Consider a graph with $n$ vertices, where each edge between any two vertices is independently drawn with probability $p$. Let $D_i$ be the degree of vertex $i$. What is $E[D_i \cdot D_j]$?

Here is what I did. Clearly $D_i$ and $D_j$ are not independent so we cannot just split up the product. Instead, let $C$ be the event that vertices $i$ and $j$ are connected.

$E[D_i \cdot D_j]= E[D_i \cdot D_j| C]\cdot Pr(C)+E[D_i \cdot D_j| \bar C]\cdot Pr(\bar C)$

Now $D_i$ and $D_j$ are independent, so we can simplify $E[D_i \cdot D_j]=E[D_i] \cdot E[D_j]$. Thus, we have:

$((n-2))p+1)^2\cdot p + ((n-2)p)^2\cdot (1-p)$

But this is not right. Why? How can I correct this?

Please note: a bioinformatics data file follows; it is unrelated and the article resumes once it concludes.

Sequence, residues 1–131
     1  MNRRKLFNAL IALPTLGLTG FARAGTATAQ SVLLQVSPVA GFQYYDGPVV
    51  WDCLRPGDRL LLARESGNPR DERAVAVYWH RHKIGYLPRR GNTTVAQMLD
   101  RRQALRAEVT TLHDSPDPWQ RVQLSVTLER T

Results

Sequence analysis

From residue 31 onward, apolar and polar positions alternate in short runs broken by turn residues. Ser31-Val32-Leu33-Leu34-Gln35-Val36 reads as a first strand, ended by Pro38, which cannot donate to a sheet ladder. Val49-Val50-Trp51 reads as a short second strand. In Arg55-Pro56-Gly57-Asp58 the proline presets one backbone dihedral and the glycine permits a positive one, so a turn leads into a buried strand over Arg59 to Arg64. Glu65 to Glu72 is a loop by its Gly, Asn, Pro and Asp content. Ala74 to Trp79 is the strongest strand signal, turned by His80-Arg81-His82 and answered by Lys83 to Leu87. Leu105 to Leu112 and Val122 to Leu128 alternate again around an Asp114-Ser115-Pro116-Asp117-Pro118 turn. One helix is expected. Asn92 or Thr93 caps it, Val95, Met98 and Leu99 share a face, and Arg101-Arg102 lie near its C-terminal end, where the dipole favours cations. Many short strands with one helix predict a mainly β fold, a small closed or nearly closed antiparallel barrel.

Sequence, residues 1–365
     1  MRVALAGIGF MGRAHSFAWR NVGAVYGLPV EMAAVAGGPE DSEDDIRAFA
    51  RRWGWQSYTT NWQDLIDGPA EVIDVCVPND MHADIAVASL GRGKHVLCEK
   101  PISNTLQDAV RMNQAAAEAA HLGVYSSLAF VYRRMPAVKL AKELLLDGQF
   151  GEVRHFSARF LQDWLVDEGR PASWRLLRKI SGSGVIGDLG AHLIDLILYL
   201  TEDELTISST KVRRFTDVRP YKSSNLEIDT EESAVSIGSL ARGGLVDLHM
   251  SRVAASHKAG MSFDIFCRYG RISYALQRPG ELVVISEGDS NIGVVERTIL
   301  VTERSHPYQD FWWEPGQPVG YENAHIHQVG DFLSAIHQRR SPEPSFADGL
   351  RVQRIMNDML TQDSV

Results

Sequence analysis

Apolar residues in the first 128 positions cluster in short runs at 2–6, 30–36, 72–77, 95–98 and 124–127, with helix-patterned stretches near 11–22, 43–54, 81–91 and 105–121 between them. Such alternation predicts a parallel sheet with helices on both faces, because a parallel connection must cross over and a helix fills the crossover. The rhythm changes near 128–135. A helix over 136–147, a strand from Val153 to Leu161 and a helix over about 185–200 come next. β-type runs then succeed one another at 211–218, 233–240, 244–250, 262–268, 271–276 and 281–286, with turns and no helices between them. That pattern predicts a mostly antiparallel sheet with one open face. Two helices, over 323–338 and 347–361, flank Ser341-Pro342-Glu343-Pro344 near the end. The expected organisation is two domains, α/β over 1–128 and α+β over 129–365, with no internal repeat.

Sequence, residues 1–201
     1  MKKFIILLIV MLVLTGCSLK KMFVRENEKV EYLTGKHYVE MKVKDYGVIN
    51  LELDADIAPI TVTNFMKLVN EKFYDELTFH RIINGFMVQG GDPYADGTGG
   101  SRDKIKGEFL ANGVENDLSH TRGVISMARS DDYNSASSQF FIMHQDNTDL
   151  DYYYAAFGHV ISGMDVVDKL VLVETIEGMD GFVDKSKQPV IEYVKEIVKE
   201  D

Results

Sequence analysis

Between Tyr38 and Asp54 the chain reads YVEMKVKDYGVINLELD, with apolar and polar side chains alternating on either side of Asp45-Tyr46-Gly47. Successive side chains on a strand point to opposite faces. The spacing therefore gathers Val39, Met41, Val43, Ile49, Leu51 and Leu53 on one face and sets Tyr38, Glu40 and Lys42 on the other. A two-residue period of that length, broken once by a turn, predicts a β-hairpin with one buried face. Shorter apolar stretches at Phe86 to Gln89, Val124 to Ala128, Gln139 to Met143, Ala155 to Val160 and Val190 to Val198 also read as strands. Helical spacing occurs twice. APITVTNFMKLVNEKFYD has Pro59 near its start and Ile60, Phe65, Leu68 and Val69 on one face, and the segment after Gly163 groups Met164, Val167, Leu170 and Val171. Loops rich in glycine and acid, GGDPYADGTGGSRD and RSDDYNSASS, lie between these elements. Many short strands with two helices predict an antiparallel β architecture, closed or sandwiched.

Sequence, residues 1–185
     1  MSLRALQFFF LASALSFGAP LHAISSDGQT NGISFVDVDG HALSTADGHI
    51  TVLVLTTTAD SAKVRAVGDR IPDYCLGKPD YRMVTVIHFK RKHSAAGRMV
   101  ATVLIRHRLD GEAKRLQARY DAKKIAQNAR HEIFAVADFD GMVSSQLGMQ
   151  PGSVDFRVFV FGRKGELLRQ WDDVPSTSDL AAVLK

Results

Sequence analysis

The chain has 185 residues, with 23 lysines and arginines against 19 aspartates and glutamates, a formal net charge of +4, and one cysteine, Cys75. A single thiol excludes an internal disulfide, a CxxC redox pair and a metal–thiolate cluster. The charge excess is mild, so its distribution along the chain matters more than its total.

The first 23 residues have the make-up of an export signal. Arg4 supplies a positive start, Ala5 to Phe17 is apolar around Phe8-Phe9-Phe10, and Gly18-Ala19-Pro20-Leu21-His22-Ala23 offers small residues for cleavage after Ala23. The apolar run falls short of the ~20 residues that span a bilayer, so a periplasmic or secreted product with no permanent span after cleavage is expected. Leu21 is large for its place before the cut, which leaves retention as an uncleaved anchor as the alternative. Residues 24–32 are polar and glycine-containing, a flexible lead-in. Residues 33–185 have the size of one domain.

If $i \neq j$ is guaranteed then your calculation looks correct. However maybe you have to assume that $i,j$ are chosen uniformly randomly so $i = j$ is a possibility, with probability $1/n$?

  • $\begingroup$ The problem assumes $i\neq j$ and says the answer is $p(1-p)+2(n-1)(p)$. I will see if these two equate to each other, but I dont think they do! $\endgroup$ – Andrew May 20 '15 at 23:40
  • $\begingroup$ It is problem 7.47 here: stat.washington.edu/~hoytak/teaching/current/stat395 $\endgroup$ – Andrew May 20 '15 at 23:42

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